Fentress County Sheriff accused of sex with inmates

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FENTRESS COUNTY, Tenn. (WVLT) -- Charges filed against Fentress County Sheriff Charles Cravens allege sex with inmates and civil rights violations, according to the Acting United States District Attorney for the Middle District of Tennesssee.

47-year-old Cravens pleaded guilty Thursday to three counts of honest services fraud and one count of deprivation of rights under color of law.
Cravens pleaded guilty before U.S. District Judge Aleta Trauger of the Middle District of Tennessee. Sentencing was set for July 20, 2017.

James Cooper, Fentress County Commissioner of the fifth district, confirmed that the Fentress County Sheriff Chucky Cravens resigned from his post, effective April 28.

Information from the DA's office accuses Cravens of having sex with three inmates.

Officials said Cravens allegedly summoned an inmate to his office and had unprotected sex with her in July 2016. The same information makes allegations that Cravens formulated a plan to leave the jail with two inmates and had unprotected sex with them in a vacant trailer. Investigators found that he supposedly maintained sexual relationships with the same two inmates until they were released from jail. The last inmate was released in February 2017.

Also in February 2017, information claims that the Fentress County Sheriff drove another inmate outside of the county to visit a relative and had unprotected sex with the inmate. Officials said Cravens had sex with the inmate on at least one other occasion.

A release from the Department of Justice said the sheriff admitted to using his position to provide benefits in exchange for sexual relationships with inmates. The extra benefits included the inmates being transported personally by the sheriff from the jail to visit relatives; the inmates being allowed to go outside of the jail to smoke cigarettes; and the sheriff providing money to relatives of the inmates for deposit into their jail commissary accounts.

"Sheriff Cravens selfishly tarnished the reputation and badge worn proudly by so many hard-working and upstanding members of the law enforcement community who risk their lives every day," said Acting Assistant Attorney General Blanco. "He shamefully turned his back on the citizens of Fentress County and used the powers of his office to serve his own personal and sexual desires and to victimize the inmates under his charge. Our prosecutors and law enforcement partners are committed to rooting out and exposing corruption and abuse of all kinds and at all levels of government.

Investigators said the inmates called the sheriff's cell phone and left recorded messages through the jail's telephone system to request special privileges. Through the use of the phone system, payment is required when inmates make outgoing calls, and it allows for a 20-second message to be left without incurring charges. Information alleges that between August 24, 2016, and March 1, 2017, one inmate called Cravens 332 times; another inmate called Cravens 51 times; and a third inmate placed 349 calls to Cravens' phone.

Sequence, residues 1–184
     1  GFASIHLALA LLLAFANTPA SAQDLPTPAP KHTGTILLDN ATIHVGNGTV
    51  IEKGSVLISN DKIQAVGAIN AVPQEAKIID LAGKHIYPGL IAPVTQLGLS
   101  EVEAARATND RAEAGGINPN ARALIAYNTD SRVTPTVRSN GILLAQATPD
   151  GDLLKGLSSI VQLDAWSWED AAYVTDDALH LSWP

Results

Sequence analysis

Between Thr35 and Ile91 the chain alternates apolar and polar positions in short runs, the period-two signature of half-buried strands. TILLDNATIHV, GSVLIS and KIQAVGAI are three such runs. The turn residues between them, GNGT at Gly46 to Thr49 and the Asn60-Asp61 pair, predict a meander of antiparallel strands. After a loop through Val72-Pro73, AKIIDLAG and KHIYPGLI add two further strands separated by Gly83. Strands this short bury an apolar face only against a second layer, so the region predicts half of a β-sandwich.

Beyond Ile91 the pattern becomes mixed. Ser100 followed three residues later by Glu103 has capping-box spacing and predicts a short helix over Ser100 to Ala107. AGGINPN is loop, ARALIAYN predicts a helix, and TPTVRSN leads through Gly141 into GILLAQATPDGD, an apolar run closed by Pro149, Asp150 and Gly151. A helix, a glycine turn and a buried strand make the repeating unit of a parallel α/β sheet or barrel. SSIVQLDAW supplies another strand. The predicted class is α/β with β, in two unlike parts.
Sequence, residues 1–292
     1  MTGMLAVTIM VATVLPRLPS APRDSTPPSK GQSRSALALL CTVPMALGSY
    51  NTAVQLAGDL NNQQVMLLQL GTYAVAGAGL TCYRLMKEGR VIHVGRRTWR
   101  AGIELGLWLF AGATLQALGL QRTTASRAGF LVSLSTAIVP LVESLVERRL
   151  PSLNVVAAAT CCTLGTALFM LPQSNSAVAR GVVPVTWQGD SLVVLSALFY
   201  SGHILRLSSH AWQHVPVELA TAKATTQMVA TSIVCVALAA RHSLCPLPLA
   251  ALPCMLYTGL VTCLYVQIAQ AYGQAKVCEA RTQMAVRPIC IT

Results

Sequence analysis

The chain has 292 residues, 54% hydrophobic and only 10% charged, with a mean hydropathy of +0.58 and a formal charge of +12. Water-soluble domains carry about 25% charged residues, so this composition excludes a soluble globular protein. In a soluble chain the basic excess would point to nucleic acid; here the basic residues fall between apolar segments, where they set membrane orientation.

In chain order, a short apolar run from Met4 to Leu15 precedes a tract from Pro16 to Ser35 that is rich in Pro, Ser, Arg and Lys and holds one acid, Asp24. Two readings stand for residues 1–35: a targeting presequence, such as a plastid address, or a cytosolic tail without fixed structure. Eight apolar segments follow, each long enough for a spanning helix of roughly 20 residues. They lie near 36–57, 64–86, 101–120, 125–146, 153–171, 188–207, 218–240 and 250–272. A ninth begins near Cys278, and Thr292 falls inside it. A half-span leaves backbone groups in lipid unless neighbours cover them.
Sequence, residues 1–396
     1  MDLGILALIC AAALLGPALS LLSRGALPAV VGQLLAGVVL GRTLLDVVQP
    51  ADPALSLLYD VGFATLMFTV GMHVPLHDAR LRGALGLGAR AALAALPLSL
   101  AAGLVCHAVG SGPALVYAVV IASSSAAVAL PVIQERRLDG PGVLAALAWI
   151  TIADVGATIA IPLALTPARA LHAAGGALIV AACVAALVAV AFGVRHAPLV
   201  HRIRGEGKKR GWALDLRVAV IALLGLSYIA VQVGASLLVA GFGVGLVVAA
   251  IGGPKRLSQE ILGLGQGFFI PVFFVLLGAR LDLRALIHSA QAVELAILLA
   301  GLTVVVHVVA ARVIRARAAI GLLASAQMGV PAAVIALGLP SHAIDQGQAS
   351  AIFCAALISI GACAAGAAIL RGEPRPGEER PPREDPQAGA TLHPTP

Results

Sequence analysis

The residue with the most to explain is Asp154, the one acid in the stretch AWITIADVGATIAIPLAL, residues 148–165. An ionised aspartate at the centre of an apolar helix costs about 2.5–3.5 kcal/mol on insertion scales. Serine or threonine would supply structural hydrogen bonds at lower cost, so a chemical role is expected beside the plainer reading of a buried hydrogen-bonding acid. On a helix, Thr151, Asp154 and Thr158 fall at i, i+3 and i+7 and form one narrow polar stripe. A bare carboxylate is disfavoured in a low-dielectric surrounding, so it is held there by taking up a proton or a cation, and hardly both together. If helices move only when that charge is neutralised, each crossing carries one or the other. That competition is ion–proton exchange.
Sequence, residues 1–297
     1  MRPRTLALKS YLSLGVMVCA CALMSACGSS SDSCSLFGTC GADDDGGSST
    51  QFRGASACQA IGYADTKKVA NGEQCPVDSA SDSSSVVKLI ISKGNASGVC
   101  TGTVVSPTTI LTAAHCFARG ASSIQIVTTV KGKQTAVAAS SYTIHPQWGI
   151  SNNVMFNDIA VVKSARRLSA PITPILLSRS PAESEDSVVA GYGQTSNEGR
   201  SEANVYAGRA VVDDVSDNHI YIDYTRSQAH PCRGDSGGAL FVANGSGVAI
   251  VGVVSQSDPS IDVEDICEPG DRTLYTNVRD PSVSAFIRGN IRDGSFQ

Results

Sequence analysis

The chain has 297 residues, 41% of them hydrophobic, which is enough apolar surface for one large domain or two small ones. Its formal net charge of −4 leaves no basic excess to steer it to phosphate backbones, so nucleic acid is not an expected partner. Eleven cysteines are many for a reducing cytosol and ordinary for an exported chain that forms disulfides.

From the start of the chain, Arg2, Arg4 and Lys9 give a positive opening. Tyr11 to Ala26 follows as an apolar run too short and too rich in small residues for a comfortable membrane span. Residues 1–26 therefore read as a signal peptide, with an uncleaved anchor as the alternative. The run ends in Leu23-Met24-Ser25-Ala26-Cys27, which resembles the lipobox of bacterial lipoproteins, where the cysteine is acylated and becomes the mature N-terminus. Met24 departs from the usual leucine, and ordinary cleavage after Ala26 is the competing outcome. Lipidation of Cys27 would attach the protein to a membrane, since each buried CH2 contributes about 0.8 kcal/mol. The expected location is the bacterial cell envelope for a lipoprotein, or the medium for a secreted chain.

More information released by the Department of Justice claims that Cravens and a fourth inmate were in an open area within the jail when Cravens kicked the inmate twice in the backside and placed him in a headlock while another correctional officer handcuffed him, then Cravens hit him in the back of the head.

"The citizens of Fentress County, and all of Tennessee, deserve elected officials who work in the public's best interest, especially from those officials who are sworn to uphold the law," says TBI Director Mark Gwyn. "We are grateful to have the cooperation and support of our federal and state partners in investigating officials who abuse that public trust."

"Our citizens deserve public officials who serve their constituents, not their own personal interests," said Acting U.S. Attorney Jack Smith. "I promise you that elected officials in our district who abuse their authority and take advantage of the trust placed in them by the folks who put them in office will be brought to justice. The U.S. Attorney's Office and our law enforcement partners serve the people of the entire district, including, not just Nashville, but also rural areas like Fentress County. We will enforce our nation's laws equally to protect all our citizens of against abuses of power wherever they occur."

If convicted, Cravens faces a maximum of 20 years in prison for each count of honest services fraud and up to one year in prison the civil rights charge.

The case was investigated by the FBI, the TBI, and the District Attorney's Office for the 8th Judicial District. The case is being prosecuted by Assistant United States Attorney Katy Risinger and DOJ Trial Attorneys Lauren Bell and Andrew Laing of the Department's Public Integrity Section.

In a letter to the citizens of Fentress County, Chief Deputy Gary Ledbetter referenced the FBI investigation into Sheriff Cravens. In the letter, Ledbetter confirmed the primary focus of the federal investigation was related solely to the actions of Sheriff Cravens and was not related to the Sheriff's Office as whole.

"Make no mistake; I want you, the public, to know that I do not condone wrong doing or inappropriate behavior from any of our staff," Ledbetter's letter stated. "That's not what we are about. We took an oath to protect and serve our community and I believe that we are fortunate to have an honest, hardworking and dedicated crew at the Sheriff's Office that works hard every single day to maintain your trust."

The Fentress County Commission met on the evening of Monday, May 1, where they announced they will be accepting resumes for the replacement of Cravens. They said the open period for applications will last one month, and they hope to have a new sheriff in place by June 26.